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5.0 out of 5 stars Making the 20th century speak with Dante's tongue July 29 2001
By A Customer
This, quite frankly, is the best poem of the 20th century, and it gets better everytime you read it. From the apparent darkness of the first stanzas of Burnt Norton to the broadening towards lucidity of the last lines, there is much to love, much to admire, and much to quote. You will find lines that speak to the heart directly: you will also find, after numerous readings, splendid little details, which reveal the craftiness with which Eliot handled this superb adieu - for it is the last great work in poetry he has written. The greatest achieve of Eliot in Four Quartets, is the way he manages to reach out to the greatest poet in history, who lived a number of centuries ago, and have the language speak with his tongue, simultaneously admitting that Dante's world view cannot be copied in today's world - but that does not mean that his form of structure and vivid allusions should not be employed: in this poem, the Trecento and the century of the atomic bomb have found common ground to behold each other as not quite congenial, yet deeply related brothers. The past is not dead - it's not even past yet.
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This, Eliot's last work, is by far his finest. In it he explores the nature of reality (where do we come from, where are we, where do we go) in an ever opening play of language that rewards numerous re-readings (I have carried this book EVERYWHERE in the nine years I've owned it. Not a week goes by that I don't read, quote or pawn it off upon someone). Like a rose it opens and, like truth, it's impossible to pin down or draw into some box that is easily describable; able to be shown as parts that construct some whole.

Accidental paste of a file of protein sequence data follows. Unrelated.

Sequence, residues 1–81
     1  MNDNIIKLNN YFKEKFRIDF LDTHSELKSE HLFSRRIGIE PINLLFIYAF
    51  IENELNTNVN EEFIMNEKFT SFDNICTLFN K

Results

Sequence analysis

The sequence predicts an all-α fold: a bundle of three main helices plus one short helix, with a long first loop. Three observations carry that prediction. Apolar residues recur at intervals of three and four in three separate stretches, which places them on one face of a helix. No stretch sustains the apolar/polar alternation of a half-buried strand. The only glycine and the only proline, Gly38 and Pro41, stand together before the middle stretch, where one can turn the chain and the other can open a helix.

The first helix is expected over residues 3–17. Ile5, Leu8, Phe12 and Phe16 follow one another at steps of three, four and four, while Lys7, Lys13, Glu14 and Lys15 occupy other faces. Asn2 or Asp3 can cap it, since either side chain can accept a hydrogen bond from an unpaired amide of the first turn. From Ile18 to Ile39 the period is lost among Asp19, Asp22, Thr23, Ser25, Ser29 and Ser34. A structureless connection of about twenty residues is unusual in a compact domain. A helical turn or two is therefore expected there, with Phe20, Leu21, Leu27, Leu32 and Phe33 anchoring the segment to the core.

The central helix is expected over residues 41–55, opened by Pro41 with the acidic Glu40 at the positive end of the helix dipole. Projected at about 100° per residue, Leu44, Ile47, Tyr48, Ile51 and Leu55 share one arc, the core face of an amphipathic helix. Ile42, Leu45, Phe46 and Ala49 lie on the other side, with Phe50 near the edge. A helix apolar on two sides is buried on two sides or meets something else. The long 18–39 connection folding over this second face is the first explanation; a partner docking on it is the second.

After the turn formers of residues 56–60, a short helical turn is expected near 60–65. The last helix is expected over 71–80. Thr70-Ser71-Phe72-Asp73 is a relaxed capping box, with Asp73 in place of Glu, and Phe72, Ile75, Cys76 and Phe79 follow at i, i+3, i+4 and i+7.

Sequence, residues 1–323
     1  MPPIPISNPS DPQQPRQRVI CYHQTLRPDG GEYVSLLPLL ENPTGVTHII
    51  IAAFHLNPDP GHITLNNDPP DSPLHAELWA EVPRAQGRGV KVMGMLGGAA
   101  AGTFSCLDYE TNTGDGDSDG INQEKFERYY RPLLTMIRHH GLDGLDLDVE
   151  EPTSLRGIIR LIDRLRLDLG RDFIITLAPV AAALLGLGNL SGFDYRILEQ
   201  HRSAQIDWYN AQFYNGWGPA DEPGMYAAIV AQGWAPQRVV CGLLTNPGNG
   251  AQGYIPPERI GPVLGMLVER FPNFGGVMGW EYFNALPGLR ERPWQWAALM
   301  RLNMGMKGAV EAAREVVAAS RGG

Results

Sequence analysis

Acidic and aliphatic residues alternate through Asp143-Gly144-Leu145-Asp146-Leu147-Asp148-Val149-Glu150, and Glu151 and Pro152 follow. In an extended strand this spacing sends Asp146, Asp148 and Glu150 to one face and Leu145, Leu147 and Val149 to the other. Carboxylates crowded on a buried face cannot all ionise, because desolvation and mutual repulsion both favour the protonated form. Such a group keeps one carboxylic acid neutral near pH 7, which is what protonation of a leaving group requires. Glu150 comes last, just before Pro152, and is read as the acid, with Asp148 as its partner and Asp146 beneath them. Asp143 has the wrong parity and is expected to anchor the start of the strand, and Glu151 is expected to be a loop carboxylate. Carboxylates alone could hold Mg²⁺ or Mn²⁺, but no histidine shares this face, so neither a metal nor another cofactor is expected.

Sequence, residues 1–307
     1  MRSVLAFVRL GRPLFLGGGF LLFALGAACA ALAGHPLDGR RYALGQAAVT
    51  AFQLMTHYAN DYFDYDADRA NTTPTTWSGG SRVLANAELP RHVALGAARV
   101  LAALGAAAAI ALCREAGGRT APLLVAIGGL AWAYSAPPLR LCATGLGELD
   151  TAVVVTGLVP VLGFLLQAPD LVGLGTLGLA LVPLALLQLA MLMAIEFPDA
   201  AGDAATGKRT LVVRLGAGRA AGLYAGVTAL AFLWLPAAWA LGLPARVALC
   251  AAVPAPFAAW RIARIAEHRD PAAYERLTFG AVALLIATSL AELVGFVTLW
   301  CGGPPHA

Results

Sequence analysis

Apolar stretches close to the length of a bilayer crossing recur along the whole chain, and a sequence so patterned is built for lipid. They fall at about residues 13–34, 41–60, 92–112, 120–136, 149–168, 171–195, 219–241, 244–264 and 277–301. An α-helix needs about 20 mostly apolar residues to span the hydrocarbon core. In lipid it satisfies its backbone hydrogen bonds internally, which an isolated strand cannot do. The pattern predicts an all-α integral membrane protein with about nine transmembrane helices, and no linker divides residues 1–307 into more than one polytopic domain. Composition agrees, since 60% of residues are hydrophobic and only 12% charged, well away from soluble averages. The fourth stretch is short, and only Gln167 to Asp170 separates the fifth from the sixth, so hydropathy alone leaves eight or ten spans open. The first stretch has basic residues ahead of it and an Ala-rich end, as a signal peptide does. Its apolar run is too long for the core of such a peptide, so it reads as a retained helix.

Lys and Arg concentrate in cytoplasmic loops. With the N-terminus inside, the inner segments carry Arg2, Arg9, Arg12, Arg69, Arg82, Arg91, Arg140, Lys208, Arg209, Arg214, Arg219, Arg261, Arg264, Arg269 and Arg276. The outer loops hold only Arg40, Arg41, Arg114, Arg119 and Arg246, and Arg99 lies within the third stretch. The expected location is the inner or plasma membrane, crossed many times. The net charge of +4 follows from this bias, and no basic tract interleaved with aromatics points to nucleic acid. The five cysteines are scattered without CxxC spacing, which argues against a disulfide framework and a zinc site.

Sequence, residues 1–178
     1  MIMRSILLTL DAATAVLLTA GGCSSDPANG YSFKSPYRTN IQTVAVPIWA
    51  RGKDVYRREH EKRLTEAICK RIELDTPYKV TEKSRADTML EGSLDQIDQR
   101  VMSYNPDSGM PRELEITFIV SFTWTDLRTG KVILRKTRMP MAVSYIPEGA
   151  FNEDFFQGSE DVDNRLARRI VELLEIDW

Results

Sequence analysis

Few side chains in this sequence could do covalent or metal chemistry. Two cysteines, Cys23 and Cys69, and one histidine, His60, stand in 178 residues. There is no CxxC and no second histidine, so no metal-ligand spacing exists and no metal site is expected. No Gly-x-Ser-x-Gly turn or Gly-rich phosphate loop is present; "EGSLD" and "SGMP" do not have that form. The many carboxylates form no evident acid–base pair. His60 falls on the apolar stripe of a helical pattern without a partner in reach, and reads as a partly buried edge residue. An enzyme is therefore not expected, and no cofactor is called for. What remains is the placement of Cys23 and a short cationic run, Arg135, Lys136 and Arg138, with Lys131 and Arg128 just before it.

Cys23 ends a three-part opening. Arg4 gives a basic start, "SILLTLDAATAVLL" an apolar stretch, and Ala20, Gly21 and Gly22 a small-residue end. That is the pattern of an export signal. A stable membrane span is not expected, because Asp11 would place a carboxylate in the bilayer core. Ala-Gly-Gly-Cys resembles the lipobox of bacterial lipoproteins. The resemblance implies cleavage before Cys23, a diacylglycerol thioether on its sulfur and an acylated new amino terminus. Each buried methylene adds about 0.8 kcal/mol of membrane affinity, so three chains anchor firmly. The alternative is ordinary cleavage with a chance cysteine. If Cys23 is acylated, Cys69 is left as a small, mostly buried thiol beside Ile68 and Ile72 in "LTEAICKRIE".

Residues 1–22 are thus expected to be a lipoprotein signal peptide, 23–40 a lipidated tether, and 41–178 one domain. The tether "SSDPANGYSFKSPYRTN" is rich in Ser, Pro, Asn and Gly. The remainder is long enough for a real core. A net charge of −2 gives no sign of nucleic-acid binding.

The "Bhagavad Gita" heavily influenced Eliot at this time, and you can see references both to the players (Arjuna and Krishna) and ideas of that text in each of the poems contained in "Four Quartets" (in much the same way as "The Golden Bough" informed "The Waste Lands"). Indeed, the entire book feels decidely Eastern (with every statement being balanced somewhere by it's complimentary didatic-opposite), or at least of the Classical, if any, Western period (the cyclical nature of both the ideas and the structure of the poems feels like a Zoraster or Golden Dawn, see Yeats' "Second Coming" or "Sailing To Byzantium", manuscript).
All of this is just to say, these poems cover a lot of mythical and actual ground. They may not appear as lush and vibrant on first reading as, say, "The Waste Lands"- but this is only due to thier precision and conciseness ("The Waste Lands", although a wonderful piece, being more of a sculpture than a poem, with whole segments being dropped, moved, added, rewritten, tweaked and recalibrated numerous times by two people other than Eliot over a span of decades).